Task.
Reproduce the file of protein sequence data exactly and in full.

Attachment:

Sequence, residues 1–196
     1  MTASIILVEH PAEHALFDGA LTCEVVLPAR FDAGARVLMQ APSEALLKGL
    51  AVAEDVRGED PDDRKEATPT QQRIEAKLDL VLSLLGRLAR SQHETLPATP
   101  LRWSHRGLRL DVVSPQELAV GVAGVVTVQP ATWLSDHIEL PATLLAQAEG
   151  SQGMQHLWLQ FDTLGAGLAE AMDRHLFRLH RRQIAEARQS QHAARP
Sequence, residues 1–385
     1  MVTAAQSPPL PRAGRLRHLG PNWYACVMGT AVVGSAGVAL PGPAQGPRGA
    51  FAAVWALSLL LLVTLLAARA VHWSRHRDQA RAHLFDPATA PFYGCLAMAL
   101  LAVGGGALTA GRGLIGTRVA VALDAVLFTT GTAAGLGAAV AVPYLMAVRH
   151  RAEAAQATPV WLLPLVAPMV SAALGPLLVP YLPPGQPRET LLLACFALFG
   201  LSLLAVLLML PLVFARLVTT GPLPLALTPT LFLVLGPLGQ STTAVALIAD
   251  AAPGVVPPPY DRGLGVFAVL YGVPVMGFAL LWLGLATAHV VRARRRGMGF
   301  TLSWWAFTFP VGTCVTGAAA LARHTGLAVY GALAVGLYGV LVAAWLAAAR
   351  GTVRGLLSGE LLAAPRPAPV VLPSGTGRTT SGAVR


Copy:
Sequence, residues 1–196
     1  MTASIILVEH PAEHALFDGA LTCEVVLPAR FDAGARVLMQ APSEALLKGL
    51  AVAEDVRGED PDDRKEATPT QQRIEAKLDL VLSLLGRLAR SQHETLPATP
   101  LRWSHRGLRL DVVSPQELAV GVAGVVTVQP ATWLSDHIEL PATLLAQAEG
   151  SQGMQHLWLQ FDTLGAGLAE AMDRHLFRLH RRQIAEARQS QHAARP
Sequence, residues 1–385
     1  MVTAAQSPPL PRAGRLRHLG PNWYACVMGT AVVGSAGVAL PGPAQGPRGA
    51  FAAVWALSLL LLVTLLAARA VHWSRHRDQA RAHLFDPATA PFYGCLAMAL
   101  LAVGGGALTA GRGLIGTRVA VALDAVLFTT GTAAGLGAAV AVPYLMAVRH
   151  RAEAAQATPV WLLPLVAPMV SAALGPLLVP YLPPGQPRET LLLACFALFG
   201  LSLLAVLLML PLVFARLVTT GPLPLALTPT LFLVLGPLGQ STTAVALIAD
   251  AAPGVVPPPY DRGLGVFAVL YGVPVMGFAL LWLGLATAHV VRARRRGMGF
   301  TLSWWAFTFP VGTCVTGAAA LARHTGLAVY GALAVGLYGV LVAAWLAAAR
   351  GTVRGLLSGE LLAAPRPAPV VLPSGTGRTT SGAVR